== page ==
UK renewable electricity surpasses fossil fuels for the first time
It’s believed this is the first ever quarter where renewables outweighed fossil fuels since the UK’s first public electricity generating station opened in 1882. The Carbon Brief report described it as “another symbolic milestone in the stunning transformation of the UK’s electricity system over the past decade”.
The analysis shows at the start of 2010, the 288 TWh generated from fossil fuels accounted for around 75% of the UK total – more than 10 times as much as the 26 TWh generated from renewables. Since then, electricity generation from renewable sources has quadrupled and demand has fallen, leaving fossil fuels “with a shrinking share of the total”. The data reveals electricity generation from fossil fuels has halved since 2020, down to 142 TWh in the recent 12 month period.
Carbon Brief attributes the vast majority of the “shrinking total” to gas, as coal plants close ahead of the planned phase-out in 2025. In the third quarter of 2019, 39% of UK electricity generation was from coal, oil and gas, including 38% from gas and less than 1% from coal and oil combined. Another 40% came from renewables, including 12% from biomass, 20% from wind, 6% from solar and 19% from nuclear.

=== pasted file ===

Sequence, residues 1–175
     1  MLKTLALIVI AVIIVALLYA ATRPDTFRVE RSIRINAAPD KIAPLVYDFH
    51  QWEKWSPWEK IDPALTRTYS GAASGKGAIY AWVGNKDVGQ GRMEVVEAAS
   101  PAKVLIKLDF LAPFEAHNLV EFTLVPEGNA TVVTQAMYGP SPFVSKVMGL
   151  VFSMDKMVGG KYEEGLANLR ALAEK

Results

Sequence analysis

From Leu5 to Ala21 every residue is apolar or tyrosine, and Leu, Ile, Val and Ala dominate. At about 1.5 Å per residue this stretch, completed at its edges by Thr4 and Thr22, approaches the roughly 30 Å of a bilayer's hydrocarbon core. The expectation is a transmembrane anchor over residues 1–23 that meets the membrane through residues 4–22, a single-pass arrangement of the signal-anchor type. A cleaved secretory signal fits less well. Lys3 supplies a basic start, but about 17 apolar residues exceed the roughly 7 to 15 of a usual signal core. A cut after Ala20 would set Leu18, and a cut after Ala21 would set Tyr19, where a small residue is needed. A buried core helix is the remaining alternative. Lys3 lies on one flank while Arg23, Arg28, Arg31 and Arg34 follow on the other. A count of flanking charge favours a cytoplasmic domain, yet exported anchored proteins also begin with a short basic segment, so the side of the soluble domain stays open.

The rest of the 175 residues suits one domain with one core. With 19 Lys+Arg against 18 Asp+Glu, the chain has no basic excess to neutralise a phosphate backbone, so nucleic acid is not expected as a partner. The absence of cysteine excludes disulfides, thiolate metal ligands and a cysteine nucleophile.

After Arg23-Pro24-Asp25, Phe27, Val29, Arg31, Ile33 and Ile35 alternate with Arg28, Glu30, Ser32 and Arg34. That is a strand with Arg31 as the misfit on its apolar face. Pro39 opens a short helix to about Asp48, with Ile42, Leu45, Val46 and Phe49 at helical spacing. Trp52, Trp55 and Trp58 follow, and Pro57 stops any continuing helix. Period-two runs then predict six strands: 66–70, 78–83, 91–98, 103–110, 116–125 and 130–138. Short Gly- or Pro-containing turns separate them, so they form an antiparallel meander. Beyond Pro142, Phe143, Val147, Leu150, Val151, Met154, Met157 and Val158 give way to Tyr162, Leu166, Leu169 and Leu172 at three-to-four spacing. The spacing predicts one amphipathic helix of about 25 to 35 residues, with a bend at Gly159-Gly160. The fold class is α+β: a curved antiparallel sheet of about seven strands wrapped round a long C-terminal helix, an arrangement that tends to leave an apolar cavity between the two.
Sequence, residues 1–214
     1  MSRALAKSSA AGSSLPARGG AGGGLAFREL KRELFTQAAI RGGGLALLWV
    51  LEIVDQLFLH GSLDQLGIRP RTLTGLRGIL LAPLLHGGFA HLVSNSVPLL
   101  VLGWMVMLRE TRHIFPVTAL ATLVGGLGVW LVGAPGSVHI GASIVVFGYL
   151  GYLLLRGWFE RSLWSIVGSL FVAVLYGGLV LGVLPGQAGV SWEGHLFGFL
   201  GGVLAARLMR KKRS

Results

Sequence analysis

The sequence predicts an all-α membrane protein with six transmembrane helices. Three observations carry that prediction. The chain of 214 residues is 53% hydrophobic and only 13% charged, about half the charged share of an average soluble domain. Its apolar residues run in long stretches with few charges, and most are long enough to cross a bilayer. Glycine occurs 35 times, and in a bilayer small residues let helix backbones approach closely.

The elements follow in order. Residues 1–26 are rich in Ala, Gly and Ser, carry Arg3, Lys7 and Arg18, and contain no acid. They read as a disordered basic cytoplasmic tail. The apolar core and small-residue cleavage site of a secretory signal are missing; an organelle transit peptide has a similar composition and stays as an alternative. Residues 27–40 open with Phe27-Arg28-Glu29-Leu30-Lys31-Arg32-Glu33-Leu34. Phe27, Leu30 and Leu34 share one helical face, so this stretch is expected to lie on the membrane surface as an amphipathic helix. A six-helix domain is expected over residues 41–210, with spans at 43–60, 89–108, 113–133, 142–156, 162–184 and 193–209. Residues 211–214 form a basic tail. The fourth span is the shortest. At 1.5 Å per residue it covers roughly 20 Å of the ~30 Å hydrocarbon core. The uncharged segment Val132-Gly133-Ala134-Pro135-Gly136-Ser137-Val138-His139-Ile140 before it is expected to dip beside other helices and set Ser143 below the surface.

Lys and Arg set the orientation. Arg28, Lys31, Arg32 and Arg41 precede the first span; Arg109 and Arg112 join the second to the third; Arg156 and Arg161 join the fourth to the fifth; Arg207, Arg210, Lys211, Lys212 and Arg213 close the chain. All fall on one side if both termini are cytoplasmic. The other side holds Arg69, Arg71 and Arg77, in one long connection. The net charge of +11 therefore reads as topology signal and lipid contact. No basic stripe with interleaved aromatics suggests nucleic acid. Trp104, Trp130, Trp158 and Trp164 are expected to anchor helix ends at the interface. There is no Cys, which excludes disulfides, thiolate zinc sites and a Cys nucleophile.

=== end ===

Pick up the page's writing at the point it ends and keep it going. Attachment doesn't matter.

Despite this important milestone, Carbon Brief notes that a lack of progress in other areas of the UK economy means it remains “far off track” against its carbon targets and the aim of achieving net zero greenhouse gas emissions by 2050.
The report highlights predictions made by the National Grid that zero carbon sources of electricity (wind, nuclear, solar, hydro, but not biomass) would generate more electricity than fossil fuels during 2019. Carbon Brief’s analysis is said to be in line with this forecast. According to the Committee on Climate Change, the UK should step away from large-scale biomass plants, such as Drax. The report adds that using biomass to generate electricity is “not zero carbon” and in some cases “could lead to higher emissions than from fossil fuels”.